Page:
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How the brain makes, and breaks, a habit

Neuroscience study identifies brain chemicals, neural pathway involved

in switching between habitual behavior, deliberate decision-making

Date: May 26, 2016

Source:

University of California – San Diego

Summary:

Not all habits are bad. Some are even necessary. But inability to

switch from acting habitually to acting in a deliberate way can

underlie addiction and obsessive compulsive disorders. Working with a

mouse model, an international team of researchers demonstrates what

happens in the brain for habits to control behavior.

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Working with a mouse model, an international team of researchers

demonstrates what happens in the brain for habits to control behavior.

Credit: © gustavofrazao / Fotolia

Not all habits are bad. Some are even necessary. It's a good thing,

for example, that we can find our way home on "autopilot" or wash our

hands without having to ponder every step. But inability to switch

from acting habitually to acting in a deliberate way can underlie

addiction and obsessive compulsive disorders.

Working with a mouse model, an international team of researchers

demonstrates what happens in the brain for habits to control behavior.

The study is published in Neuron and was led by Christina Gremel,

assistant professor of psychology at the University of California San

Diego, who began the work as a postdoctoral researcher at the National

Institute on Alcohol Abuse and Alcoholism of the National Institutes

of Health. Senior authors on the study are Rui Costa, of the

Champalimaud Centre for the Unknown in Lisbon, and David Lovinger of

the NIAAA/NIH.

The study provides the strongest evidence to date, Gremel said, that

the brain's circuits for habitual and goal-directed action compete for

control — in the orbitofrontal cortex, a decision-making area of the

brain — and that neurochemicals called endocannabinoids allow for

habit to take over, by acting as a sort of brake on the goal-directed

circuit.

Endocannabinoids are a class of chemicals produced naturally by humans

and other animals. Receptors for endocannabinoids are found throughout

the body and brain, and the endocannabinoid system is implicated in a

variety of physiological processes — including appetite, pain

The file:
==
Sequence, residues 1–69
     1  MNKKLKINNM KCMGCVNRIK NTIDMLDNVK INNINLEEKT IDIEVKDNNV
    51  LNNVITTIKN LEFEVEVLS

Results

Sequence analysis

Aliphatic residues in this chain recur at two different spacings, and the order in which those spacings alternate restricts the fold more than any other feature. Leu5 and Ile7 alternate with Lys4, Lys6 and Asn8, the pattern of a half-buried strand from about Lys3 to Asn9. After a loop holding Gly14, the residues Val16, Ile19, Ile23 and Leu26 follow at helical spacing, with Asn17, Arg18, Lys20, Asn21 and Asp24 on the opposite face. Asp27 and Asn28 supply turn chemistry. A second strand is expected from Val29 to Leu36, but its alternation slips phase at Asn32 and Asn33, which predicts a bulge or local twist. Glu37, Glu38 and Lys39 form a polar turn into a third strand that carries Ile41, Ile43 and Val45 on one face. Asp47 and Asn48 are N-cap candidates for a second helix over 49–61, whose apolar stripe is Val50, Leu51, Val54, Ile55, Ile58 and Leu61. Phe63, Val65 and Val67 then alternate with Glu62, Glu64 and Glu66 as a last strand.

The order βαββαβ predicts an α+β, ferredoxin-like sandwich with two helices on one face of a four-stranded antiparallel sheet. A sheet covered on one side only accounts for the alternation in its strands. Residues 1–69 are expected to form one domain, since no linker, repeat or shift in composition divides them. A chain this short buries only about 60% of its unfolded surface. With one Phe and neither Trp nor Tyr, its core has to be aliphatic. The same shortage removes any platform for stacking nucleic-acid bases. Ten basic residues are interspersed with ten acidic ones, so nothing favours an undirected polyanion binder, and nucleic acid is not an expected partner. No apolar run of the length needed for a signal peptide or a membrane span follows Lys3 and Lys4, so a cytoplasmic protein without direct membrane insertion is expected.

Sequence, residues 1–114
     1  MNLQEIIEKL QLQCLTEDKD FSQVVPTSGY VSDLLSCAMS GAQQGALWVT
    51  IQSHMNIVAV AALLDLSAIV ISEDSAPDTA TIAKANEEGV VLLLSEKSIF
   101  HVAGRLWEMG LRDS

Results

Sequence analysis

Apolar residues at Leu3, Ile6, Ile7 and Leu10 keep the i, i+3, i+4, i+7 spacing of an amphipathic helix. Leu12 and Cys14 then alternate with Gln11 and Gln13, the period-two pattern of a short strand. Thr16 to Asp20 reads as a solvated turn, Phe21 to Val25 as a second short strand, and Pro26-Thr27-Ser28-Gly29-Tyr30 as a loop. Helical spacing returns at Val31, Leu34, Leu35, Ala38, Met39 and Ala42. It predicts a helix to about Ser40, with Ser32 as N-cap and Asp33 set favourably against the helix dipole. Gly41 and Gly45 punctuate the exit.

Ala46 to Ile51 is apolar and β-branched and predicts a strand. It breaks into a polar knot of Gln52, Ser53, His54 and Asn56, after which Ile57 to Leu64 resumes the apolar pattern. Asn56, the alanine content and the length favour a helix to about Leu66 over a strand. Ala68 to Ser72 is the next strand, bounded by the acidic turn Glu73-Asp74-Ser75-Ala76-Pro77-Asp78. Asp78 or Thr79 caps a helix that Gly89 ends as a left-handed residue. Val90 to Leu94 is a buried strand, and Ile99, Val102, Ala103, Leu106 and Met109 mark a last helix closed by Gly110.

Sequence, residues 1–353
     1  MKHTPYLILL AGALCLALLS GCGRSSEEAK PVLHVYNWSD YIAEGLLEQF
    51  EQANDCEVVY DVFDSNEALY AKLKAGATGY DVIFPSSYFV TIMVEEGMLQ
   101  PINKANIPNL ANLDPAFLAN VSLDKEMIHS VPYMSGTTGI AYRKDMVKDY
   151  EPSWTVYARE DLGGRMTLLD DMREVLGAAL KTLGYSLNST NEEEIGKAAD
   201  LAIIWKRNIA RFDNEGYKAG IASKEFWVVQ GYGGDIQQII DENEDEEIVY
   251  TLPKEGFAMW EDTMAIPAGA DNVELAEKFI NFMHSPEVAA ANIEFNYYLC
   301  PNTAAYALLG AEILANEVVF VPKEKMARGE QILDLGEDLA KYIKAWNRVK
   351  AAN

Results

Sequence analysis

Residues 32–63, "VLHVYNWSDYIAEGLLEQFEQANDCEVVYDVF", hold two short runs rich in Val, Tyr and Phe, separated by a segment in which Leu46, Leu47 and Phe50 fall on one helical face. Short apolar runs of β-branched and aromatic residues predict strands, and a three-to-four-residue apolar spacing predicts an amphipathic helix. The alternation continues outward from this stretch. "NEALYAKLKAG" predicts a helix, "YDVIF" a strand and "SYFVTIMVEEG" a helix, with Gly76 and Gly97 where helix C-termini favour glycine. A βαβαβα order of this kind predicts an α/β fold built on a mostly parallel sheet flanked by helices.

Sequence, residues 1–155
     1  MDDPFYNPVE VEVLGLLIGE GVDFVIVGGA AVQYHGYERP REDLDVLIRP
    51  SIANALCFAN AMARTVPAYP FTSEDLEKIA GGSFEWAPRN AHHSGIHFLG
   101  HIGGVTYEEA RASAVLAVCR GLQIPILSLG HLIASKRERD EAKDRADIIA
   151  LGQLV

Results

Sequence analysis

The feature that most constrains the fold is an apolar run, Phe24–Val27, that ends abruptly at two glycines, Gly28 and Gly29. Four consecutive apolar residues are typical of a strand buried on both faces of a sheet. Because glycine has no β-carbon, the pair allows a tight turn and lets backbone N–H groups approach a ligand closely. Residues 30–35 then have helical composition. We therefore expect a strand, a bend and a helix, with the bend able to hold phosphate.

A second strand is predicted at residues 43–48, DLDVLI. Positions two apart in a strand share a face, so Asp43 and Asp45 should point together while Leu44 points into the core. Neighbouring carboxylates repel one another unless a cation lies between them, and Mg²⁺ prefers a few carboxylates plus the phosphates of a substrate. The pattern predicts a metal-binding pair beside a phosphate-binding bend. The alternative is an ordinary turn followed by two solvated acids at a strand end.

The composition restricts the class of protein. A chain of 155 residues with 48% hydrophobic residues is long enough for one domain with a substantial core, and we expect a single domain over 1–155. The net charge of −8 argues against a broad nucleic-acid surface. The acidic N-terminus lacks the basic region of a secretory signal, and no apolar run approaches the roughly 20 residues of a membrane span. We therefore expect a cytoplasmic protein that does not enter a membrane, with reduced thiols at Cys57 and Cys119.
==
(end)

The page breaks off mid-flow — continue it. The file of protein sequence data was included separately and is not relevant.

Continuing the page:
sensation, mood and memory. It is also the system that mediates the

psychoactive effects of cannabis.

Earlier work by Gremel and Costa had shown that the orbitofrontal

cortex, or OFC, is an important brain area for relaying information on

goal-directed action. They found that by increasing the output of

neurons in the OFC with a technique called optogenetics — precisely

turning neurons on and off with flashes of light — they increased

goal-directed actions. In contrast, when they decreased activity in

the same area with a chemical approach, they disrupted goal-directed

actions and the mice relied on habit instead.

"Habit takes over when the OFC is quieted," Gremel said.

In the current study, since endocannabinoids are known to reduce the

activity of neurons in general, the researchers hypothesized that

endocannabinoids may be quieting or reducing activity in the OFC and,

with it, the ability to shift to goal-directed action. They focused

particularly on neurons projecting from the OFC into the dorsomedial

striatum.

They trained mice to perform the same lever-pressing action for the

same food reward but in two different environments that differentially

bias the development of goal-directed versus habitual actions. Like

humans who don't suffer from neuropsychiatric disorders, healthy mice

will readily shift between performing the same action using a

goal-directed versus habitual action strategy. To stick with the

earlier example of getting home, we can switch the homing autopilot

off and shift to goal-directed behavior when we need to get to a new

or different location.

To test their hypothesis on the role played by endocannabinoids, the

researchers then deleted a particular endocannabinoid receptor, called

cannabinoid type 1, or CB1, in the OFC-to-striatum pathway. Mice

missing these receptors did not form habits — showing the critical

role played by the neurochemicals as well as that particular pathway.

"We need a balance between habitual and goal-directed actions. For

everyday function, we need to be able to make routine actions quickly

and efficiently, and habits serve this purpose," Gremel said.

"However, we also encounter changing circumstances, and need the

capacity to 'break habits' and perform a goal-directed action based on

updated information. When we can't, there can be devastating

consequences."

The findings may suggest, the authors say, a new therapeutic target

for people suffering from OCD or addictions: To stop overreliance on

habit and restore the ability to shift from habit to goal-directed

action, it may be helpful to treat the brain's endocannabinoid system

and so reduce habitual control over behavior. Treatment could be

pharmaceutical or might involve behavioral therapy. Further research

is needed.

Story Source:

The above post is reprinted from materials provided by University of

California – San Diego. The original item was written by Inga Kiderra.

Note: Materials may be edited for content and length.

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